Venetian regattas were held regularly – for example, in honor of the city’s high guests. In the race for the Grand Canal, one-part gondolas participated. For Canaletto, this event was an excellent occasion to combine the traditional urban look with a festive performance.
Canaletto wrote a great canal several times – especially often in the 1720s. The angle in all these paintings was practically unchanged; “scenery” was always different. In one of his early works, the Grand Canal looks almost deserted. The sky is covered with black clouds, the water has darkened, poor boats sliding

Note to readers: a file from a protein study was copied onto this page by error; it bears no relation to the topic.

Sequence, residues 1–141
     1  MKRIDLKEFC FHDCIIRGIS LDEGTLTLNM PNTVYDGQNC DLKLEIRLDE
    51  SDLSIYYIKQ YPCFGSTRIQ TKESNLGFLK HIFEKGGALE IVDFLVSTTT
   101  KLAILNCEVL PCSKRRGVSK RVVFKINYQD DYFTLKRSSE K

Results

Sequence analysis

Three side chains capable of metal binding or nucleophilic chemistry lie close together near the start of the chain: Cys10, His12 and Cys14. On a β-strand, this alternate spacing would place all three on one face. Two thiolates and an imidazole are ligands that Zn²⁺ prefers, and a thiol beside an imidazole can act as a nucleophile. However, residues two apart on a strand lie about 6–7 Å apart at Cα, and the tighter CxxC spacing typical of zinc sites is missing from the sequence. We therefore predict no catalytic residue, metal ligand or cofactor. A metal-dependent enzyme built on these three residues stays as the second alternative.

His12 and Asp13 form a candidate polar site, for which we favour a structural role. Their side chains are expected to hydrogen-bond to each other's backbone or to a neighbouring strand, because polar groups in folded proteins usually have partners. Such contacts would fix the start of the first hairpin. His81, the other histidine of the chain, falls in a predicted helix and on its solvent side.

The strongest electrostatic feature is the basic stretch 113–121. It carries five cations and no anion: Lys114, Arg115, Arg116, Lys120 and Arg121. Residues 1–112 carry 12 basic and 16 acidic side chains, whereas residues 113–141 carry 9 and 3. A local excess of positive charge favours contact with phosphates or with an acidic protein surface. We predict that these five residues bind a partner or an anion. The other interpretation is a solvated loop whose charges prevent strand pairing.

The competing gondoliers have just passed the interim finish at the Palazzo Balbi and are turning back. Balconies of houses, embankments and boats are crowded with spectators. All of them are on the move – talking animatedly, waving their arms, pointing to the distance. This canvas, commissioned by Canaletto Joseph Smith, is distinguished by a high ability to transmit the play of light and shadow, topographic accuracy and an abundance of scenes of city life.